If you’ve fallen victim to the frustration that is acne — and, seeing as how it’s the most common skin condition in the US, chances are you have — we’ve got exciting news. Those chronic breakouts bumming you out right now might lead to some unexpected benefits later in life. In fact, dealing with the skin condition in your teens may mean you look younger for longer, according to a study published in the Journal of Investigative Dermatology.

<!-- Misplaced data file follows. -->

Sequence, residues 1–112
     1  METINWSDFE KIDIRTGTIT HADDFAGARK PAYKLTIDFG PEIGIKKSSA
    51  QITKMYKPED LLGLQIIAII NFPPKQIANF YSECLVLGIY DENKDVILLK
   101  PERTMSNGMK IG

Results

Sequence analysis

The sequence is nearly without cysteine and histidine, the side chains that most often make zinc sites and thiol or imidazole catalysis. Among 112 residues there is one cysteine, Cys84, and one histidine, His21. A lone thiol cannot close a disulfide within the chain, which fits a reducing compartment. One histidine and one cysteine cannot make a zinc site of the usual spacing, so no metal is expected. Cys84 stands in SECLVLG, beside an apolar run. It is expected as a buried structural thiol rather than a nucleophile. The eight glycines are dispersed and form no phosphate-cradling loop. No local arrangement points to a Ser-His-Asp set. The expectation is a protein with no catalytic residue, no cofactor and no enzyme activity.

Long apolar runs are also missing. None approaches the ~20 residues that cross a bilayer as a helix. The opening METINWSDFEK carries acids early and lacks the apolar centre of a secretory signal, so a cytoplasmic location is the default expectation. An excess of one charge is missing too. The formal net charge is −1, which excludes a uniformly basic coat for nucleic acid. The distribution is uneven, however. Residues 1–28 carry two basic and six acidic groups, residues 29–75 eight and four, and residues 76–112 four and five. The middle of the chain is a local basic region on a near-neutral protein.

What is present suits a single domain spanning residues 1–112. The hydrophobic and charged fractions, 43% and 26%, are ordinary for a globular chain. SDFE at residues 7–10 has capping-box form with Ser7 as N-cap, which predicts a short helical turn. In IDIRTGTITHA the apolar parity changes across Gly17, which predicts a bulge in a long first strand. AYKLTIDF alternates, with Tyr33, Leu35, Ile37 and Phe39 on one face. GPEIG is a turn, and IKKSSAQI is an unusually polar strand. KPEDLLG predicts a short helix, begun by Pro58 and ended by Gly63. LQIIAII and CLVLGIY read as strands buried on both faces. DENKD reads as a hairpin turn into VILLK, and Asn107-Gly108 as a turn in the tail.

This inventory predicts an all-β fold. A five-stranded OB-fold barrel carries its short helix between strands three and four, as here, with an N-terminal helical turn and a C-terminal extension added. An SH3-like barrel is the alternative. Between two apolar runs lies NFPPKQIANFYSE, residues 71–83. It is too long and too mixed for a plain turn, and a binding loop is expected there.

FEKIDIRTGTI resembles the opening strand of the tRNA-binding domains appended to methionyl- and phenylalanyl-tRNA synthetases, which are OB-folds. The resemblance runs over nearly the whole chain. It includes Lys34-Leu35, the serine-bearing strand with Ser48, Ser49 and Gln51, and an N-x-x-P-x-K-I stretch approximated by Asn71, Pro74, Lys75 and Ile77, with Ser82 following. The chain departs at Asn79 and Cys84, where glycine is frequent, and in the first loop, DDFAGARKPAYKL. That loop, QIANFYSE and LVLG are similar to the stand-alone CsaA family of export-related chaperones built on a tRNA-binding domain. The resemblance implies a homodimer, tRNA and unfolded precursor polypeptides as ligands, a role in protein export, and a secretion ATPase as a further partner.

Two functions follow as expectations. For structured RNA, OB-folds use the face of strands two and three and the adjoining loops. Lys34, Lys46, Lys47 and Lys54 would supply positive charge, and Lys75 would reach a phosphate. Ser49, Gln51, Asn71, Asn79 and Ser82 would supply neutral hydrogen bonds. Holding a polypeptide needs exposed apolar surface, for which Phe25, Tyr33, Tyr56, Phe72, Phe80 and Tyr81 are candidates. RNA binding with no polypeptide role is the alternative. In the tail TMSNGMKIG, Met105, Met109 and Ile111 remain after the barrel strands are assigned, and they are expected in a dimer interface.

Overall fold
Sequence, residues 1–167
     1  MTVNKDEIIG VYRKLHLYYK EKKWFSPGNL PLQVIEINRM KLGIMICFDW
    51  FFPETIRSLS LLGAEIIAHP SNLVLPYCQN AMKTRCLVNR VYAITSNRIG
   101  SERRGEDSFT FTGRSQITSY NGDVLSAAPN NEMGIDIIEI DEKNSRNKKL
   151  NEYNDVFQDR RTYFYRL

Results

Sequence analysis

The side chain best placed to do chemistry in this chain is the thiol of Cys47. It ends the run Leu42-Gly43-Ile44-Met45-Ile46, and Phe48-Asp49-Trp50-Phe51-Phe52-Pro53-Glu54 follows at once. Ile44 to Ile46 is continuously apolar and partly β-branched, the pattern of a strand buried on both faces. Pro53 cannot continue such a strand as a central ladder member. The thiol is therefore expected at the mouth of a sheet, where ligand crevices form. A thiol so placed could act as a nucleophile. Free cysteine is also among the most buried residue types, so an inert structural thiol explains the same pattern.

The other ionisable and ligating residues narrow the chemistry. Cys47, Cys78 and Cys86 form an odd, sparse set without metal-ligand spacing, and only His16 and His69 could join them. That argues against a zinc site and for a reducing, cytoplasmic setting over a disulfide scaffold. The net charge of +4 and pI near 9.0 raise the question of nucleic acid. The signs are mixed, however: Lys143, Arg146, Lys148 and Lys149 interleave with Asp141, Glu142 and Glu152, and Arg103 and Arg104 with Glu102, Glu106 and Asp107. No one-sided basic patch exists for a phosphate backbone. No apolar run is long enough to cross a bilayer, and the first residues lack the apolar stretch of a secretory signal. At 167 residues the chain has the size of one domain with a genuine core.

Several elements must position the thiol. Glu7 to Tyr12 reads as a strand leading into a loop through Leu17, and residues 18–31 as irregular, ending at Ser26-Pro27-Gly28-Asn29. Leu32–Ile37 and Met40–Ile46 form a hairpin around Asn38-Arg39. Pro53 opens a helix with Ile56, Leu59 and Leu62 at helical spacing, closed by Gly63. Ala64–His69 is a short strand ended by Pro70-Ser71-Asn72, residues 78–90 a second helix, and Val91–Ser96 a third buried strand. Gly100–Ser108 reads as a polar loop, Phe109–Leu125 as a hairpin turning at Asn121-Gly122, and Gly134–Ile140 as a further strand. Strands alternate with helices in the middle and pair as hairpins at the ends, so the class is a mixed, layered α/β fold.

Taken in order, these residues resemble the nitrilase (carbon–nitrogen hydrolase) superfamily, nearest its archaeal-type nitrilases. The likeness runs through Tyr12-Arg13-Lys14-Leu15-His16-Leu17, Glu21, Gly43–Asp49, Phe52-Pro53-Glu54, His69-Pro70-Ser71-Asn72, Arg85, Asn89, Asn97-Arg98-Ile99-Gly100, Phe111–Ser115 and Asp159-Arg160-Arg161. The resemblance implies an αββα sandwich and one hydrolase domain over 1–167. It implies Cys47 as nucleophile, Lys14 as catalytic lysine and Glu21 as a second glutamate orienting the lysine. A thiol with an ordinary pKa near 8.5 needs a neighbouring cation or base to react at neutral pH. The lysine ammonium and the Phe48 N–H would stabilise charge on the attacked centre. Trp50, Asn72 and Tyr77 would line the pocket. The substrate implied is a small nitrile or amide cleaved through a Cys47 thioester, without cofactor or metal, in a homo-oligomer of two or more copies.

In short, scientists at King’s College London studied the length of white blood cell telomeres (the nucleotide 'caps' that protect chromosomes) of 1,205 female twins, a quarter of whom had acne. Among the findings: Longer telomeres were linked to slower deterioration of white blood cells, and hence slower signs of aging — a common thread among the latter group. Translation: The blemish-prone individuals' skin aged slower than that of the acne-free participants. But do the benefits run deeper than skin? Could suffering from acne mean you could possibly have a longer lifespan? We tapped dermatologist Dr. Dennis Gross to help us break it down: “There isn’t enough scientific evidence to truly determine if acne can lead to a longer lifespan. If a study came along that focused solely on the correlation between those two — not just in addition to its link to younger-looking skin — only then would I believe the theory.” But he also says there is validity to a portion of the study that’s been long supported by derms, and it’s the bit that acne sufferers can tend to look younger for longer. “They typically have more oil glands, which increases the thickness of skin,” Dr. Gross explains. “That leads to a firmer, more plump appearance, as well as fewer visible lines and wrinkles." As long-standing proponents of looking on the bright side, we’ll take whatever we can get. Here's to continued research on acne and it's impact.